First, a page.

News Releases

Hutch Holiday Gala Auction Totals $7.6 Million in Donations for Cancer Research

SEATTLE — Dec. 4, 2005 — Spirited bidding on live-auction items and a heartfelt multi-million-dollar "challenge" from retired bank executive Robert M. Arnold raised $7.6 million at last night's 30th anniversary Hutch Holiday Gala to benefit Fred Hutchinson Cancer Research Center.

During the live auction Arnold vowed to match every dollar donated up to a maximum of $3 million. Appeals from cancer survivors who benefited from the Hutchinson Center's research combined with the "challenge" to inspire Gala guests to give generously, surpassing projected totals.

As unrestricted gifts, all proceeds from the Hutch Holiday Gala will benefit the Center's general fund, which sustains vital programs such as pilot-research projects, shared-research facilities, patient-family support and faculty recruitment.

Among the top auction items were a golfing opportunity with Tiger Woods, which sold for $24,000; dinner with the Center's three Nobel laureates for $14,000; and a private-estate dinner party catered by noted French chef Thierry Rautureau for $30,000.

One hundred couples paid $250 each for the privilege of being the first to experience the new Trader Vic's restaurant in Bellevue, and an Independence Day wine dinner on a rooftop deck at the Center (with a close, unobstructed view of the fireworks over Lake Union) sold for $18,000.

"We are so fortunate to receive Mr. Arnold's 'challenge' gift to help us raise so much for leading-edge cancer research," said Lee Hartwell, Ph.D., president and director of the Hutchinson Center. "Mr. Arnold's generosity is matched by his foresight: when he decided to give the Center its largest-ever private gift earlier this year, he set aside a portion to inspire others to give through the Gala."

In February, Arnold gave the Center an unprecedented $15 million gift — the largest private donation in the Center's history. At that time, he earmarked a portion of those funds for the Gala in hopes that attendees would follow his example of giving.

"The success of tonight's event speaks volumes about these guests' commitment to eliminate cancer as a cause of human suffering and death," said Arnold, who has lost several family members to cancer. "Everyone here can be proud to play a significant role in finding a cure."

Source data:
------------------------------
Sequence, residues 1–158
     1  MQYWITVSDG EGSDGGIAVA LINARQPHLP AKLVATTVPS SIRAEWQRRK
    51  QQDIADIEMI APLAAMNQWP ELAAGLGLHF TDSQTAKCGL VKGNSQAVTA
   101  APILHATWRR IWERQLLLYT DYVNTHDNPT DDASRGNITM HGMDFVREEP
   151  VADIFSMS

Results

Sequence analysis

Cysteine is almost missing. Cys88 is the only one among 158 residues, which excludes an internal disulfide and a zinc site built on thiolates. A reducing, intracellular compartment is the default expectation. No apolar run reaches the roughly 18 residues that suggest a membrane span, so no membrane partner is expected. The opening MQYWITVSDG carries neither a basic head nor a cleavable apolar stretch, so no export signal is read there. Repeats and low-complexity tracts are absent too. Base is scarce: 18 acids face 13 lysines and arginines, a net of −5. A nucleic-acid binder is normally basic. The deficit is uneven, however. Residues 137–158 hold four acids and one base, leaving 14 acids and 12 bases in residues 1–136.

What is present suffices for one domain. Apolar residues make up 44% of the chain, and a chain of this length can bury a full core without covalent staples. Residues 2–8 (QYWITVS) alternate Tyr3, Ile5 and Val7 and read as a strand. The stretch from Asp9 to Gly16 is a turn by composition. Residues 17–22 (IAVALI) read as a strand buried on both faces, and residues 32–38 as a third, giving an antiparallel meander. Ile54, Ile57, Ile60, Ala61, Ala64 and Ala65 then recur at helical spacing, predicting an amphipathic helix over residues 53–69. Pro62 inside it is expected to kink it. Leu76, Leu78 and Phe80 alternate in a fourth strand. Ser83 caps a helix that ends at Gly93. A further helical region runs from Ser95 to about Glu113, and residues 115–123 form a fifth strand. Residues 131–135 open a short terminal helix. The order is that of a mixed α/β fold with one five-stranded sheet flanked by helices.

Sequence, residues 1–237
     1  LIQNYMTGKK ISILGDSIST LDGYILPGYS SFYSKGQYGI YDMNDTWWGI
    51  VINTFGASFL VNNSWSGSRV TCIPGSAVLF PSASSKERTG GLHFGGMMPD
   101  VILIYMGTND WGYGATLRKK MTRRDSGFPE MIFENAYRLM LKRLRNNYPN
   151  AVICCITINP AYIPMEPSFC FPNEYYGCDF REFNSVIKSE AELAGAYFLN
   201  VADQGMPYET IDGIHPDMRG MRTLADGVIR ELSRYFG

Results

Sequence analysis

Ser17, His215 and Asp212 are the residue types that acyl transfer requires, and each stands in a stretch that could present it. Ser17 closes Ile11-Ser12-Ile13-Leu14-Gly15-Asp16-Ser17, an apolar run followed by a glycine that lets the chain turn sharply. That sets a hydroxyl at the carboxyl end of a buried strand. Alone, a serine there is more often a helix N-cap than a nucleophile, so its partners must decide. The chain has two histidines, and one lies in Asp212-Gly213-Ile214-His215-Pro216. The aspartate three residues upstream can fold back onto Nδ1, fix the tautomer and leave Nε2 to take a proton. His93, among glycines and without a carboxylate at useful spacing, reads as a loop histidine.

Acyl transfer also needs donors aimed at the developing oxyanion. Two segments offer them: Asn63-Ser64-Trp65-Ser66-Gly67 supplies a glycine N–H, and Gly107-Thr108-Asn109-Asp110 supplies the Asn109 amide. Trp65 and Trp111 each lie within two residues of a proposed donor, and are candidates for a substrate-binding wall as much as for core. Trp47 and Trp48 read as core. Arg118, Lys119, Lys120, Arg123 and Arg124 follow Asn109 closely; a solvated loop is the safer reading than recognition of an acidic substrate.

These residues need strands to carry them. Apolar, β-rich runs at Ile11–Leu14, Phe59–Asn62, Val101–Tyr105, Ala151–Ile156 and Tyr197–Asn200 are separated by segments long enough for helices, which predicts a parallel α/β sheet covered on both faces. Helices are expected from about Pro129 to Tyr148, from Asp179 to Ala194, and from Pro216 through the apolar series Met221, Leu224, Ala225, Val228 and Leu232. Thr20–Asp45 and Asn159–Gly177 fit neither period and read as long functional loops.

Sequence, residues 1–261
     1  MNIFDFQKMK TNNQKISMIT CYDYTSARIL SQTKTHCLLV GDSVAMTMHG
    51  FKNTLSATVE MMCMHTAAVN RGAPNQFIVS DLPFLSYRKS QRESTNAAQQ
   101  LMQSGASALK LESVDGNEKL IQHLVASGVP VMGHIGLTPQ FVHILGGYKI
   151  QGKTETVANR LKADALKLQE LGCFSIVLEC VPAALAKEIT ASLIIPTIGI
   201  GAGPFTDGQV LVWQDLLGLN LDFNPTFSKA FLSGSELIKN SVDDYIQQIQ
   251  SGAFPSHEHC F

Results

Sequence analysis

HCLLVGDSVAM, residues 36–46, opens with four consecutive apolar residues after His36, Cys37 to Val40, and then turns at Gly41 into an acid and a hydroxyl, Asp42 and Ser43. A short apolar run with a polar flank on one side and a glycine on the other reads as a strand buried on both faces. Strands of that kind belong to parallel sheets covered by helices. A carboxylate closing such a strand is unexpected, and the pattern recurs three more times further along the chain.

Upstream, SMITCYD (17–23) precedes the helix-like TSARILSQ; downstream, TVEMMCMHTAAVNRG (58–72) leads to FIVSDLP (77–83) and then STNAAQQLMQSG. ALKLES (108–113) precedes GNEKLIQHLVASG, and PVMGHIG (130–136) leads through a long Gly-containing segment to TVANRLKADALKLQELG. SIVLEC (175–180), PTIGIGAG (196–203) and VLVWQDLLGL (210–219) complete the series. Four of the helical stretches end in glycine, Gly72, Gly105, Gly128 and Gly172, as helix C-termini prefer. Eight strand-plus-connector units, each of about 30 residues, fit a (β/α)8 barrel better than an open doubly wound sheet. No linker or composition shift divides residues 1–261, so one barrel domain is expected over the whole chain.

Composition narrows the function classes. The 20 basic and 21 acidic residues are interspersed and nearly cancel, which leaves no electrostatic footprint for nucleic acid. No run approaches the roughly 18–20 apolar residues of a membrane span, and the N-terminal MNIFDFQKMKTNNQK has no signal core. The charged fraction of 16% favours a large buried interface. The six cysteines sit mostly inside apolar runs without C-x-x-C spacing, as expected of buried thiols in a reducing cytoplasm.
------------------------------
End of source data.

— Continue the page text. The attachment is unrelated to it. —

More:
Hosted by the Hutchinson Center's Grace Heffernan Arnold Guild at the Sheraton Seattle Hotel & Towers, the Hutch Holiday Gala is an annual black-tie event featuring spectacular live and silent auctions, an elegant dinner, and late-night dancing with more than 850 business and community leaders in attendance. It is the single largest fund-raiser benefiting the Center. Last year's event raised more than $5 million through private contributions. Including the 30th anniversary total, the Hutch Holiday Gala has now raised more than $49 million since its beginnings as a humble dinner party in the 1970s.

The Arnold Guild is named for Robert Arnold's late mother, Grace, a tireless Seattle philanthropist who helped establish the biomedical-research institute that was the forerunner to the Hutchinson Center.

To learn more about the Hutchinson Center or make a contribution, call (206) 667-4399 or visit

Media Contact
Christi Ball Loso
Fred Hutchinson Cancer Research Center
(206) 667-5215

# # #

Fred Hutchinson Cancer Research Center
At Fred Hutchinson Cancer Research Center, our interdisciplinary teams of world-renowned scientists and humanitarians work together to prevent, diagnose and treat cancer, HIV/AIDS and other diseases. Our researchers, including three Nobel laureates, bring a relentless pursuit and passion for health, knowledge and hope to their work and to the world. For more information, please visit

The Hutch Holiday Gala
The Hutch Holiday Gala, hosted by the Grace Heffernan Arnold Guild, has raised more than $49 million in support of lifesaving programs at Fred Hutchinson Cancer Research Center including breast-cancer research, pediatric oncology, public health sciences, early cancer-detection research, and other research-equipment and patient needs. For more information, please visit